My parents loved to emphasize the phrase that change wasn’t bad, but different.
I of course, in trying to pull off being positive, collected, and excited about whatever new thing they threw at me, decided to embrace this phrase as best I could and it seems to have been branded into my memory ever since. Regardless of what new uncomfortable situation I was in, remembering this somewhat triggered my brain into [false] positivity and hope for finding the change to be good.
I thought that since our big transition overseas was long gone, having to remind myself of this phrase wouldn’t be necessary, but during our first Christmas break in the hot of Africa (Kenya and Rwanda), my mind definitely went back to it.
Being away from the cold and [usual] snow for the first time, away from grandparents and Christmas traditions, and away from over-commercialized festivity, at first was a bit hard to grasp.
I could see that the rest of my family secretly felt the same way, as we went about preparing as best we could in the 80 degree Kenyan weather, all trying to brainstorm new Christmas traditions, or manipulate old ones to work in our environment (Yes we did sit around a fire and drink hot chocolate regardless of the heat and mosquitoes). It turned a bit hopeless but soon felt so ridiculous that it erupted in laughter- and that change in mindset resulted in a wonderful break.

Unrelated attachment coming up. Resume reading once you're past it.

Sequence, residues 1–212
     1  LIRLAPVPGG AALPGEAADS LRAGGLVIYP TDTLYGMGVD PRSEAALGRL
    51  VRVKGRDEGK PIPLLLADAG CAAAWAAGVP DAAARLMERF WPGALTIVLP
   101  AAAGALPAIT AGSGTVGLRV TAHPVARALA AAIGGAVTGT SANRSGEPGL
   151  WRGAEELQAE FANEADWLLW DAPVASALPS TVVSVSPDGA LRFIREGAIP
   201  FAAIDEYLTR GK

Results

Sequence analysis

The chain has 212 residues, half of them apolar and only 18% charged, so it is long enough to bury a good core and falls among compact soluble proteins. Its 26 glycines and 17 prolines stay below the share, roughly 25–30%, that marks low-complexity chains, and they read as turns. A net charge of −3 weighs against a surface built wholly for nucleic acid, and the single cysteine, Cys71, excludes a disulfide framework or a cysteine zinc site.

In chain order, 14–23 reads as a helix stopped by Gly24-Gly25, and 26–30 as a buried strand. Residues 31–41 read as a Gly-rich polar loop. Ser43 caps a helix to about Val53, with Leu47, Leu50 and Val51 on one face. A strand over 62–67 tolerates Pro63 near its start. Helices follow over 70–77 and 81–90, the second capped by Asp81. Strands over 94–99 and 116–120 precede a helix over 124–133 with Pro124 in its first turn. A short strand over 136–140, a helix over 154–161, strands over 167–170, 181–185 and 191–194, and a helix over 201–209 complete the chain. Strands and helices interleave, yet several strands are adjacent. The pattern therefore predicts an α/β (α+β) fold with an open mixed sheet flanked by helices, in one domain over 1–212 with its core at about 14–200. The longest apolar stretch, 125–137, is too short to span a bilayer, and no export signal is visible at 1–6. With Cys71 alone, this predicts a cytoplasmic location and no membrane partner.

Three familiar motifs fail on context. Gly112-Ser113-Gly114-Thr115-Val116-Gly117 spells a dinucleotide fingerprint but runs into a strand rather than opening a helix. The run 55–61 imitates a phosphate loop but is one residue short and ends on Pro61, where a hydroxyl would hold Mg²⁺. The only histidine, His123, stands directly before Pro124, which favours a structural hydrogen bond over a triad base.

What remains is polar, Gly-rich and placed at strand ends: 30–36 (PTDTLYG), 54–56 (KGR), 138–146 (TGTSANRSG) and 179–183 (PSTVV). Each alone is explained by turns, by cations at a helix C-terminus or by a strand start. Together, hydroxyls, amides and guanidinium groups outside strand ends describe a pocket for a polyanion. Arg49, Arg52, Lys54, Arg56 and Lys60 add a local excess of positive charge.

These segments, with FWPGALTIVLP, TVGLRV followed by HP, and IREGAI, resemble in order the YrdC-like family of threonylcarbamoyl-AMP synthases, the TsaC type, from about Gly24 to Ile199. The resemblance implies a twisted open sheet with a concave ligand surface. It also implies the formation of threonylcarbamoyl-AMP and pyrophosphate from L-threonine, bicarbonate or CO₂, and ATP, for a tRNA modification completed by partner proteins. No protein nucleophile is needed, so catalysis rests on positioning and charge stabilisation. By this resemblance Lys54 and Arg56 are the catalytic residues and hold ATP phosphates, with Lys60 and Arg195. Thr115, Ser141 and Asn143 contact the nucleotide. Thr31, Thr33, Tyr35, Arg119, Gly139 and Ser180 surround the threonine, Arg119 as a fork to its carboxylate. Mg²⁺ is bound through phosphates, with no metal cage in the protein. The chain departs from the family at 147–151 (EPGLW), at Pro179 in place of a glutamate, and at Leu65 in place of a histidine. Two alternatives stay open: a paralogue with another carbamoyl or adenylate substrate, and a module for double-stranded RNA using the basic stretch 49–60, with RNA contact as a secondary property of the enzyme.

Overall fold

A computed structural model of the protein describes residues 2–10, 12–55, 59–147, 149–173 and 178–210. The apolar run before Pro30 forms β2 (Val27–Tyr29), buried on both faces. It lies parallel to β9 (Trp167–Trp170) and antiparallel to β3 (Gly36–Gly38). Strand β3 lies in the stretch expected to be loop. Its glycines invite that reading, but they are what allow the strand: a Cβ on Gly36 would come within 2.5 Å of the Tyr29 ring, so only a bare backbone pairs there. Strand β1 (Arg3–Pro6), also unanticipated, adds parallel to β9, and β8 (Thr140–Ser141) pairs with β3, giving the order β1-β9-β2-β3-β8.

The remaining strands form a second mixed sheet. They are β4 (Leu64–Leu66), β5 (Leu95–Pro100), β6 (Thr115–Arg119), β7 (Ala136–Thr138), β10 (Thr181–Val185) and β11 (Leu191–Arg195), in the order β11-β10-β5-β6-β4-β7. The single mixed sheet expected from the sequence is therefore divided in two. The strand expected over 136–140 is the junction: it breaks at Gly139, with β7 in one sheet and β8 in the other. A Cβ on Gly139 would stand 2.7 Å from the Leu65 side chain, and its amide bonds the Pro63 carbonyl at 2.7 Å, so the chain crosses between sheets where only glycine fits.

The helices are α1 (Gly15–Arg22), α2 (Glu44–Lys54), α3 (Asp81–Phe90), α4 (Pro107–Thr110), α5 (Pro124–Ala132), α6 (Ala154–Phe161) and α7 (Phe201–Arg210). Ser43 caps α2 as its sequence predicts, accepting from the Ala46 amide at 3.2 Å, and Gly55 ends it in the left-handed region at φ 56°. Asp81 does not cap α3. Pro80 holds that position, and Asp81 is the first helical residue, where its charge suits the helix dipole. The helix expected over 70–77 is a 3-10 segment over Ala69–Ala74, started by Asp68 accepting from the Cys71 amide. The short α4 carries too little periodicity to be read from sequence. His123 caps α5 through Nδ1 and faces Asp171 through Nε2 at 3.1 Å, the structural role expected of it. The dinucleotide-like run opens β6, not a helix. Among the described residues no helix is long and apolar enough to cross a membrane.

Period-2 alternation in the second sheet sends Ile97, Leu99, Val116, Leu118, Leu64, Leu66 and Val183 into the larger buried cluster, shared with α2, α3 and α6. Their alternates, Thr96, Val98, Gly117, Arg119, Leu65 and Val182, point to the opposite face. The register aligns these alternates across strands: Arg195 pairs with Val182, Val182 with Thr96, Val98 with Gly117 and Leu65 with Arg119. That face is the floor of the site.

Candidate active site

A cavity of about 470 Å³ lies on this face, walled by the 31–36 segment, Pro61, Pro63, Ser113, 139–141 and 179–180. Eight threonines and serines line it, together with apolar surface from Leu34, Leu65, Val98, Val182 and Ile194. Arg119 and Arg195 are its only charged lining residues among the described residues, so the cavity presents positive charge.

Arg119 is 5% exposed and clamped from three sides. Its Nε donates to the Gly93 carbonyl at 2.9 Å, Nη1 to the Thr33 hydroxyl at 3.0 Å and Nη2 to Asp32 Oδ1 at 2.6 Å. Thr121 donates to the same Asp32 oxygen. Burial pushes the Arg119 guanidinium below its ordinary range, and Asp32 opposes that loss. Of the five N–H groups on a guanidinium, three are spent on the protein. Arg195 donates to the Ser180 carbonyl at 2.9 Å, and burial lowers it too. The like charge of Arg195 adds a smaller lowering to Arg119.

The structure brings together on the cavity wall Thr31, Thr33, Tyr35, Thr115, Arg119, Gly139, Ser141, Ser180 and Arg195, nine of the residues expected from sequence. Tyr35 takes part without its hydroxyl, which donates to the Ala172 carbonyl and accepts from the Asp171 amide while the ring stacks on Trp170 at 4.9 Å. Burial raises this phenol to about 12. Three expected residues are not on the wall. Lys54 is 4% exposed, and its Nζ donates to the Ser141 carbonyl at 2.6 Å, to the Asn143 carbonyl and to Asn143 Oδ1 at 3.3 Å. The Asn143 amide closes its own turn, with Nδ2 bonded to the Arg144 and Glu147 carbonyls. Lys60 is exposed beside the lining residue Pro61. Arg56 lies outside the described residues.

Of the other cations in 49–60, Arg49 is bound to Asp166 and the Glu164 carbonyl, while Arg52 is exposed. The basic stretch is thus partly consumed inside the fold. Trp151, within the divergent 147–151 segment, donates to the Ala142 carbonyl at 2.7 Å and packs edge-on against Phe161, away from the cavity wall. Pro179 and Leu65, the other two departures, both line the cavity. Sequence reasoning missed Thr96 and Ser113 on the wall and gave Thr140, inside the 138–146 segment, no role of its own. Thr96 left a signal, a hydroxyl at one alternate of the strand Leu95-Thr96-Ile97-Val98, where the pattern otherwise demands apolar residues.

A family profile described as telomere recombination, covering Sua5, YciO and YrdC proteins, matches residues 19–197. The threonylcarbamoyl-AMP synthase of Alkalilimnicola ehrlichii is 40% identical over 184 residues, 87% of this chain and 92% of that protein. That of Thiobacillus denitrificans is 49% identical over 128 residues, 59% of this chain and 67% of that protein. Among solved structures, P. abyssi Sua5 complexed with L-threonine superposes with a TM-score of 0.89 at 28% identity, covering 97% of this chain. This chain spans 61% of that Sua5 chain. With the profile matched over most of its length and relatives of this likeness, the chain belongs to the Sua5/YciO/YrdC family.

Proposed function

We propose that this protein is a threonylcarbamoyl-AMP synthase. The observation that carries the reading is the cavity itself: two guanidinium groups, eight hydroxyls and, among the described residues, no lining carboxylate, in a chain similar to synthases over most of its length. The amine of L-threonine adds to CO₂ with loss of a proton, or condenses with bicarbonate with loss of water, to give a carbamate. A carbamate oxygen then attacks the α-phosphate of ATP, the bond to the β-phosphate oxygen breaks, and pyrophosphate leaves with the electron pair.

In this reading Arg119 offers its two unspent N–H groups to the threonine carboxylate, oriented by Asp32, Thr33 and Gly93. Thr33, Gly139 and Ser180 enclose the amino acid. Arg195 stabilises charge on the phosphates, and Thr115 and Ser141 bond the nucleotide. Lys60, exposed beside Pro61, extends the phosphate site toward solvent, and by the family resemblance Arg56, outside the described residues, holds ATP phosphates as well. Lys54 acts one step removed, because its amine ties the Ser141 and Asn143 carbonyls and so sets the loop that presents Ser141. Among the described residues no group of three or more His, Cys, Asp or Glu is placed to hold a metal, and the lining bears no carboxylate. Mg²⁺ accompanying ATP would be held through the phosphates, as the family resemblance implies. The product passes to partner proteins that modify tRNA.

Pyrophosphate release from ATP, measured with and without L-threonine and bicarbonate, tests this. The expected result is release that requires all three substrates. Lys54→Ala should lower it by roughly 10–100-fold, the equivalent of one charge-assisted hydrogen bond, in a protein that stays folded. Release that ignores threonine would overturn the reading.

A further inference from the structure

Instead of waking up and watching the snow fall, we woke up and watched the sun rise. Instead of building snowmen, we built sand castles. Instead of riding in sleds, we rode in tuk tuks.
What felt like a strange, hot, unwelcome, substitute for Christmas break turned into a happy reminder that Christmas wasn’t about feeling festive or being in the right setting, but a time to celebrate Jesus and spend time with family. A time to rejoice, and laugh and this break was successful in completing that.
Although I love our old traditions and the homey feeling they bring, I’m okay with our Christmas celebrations changing. They’ve become a good change. 🙂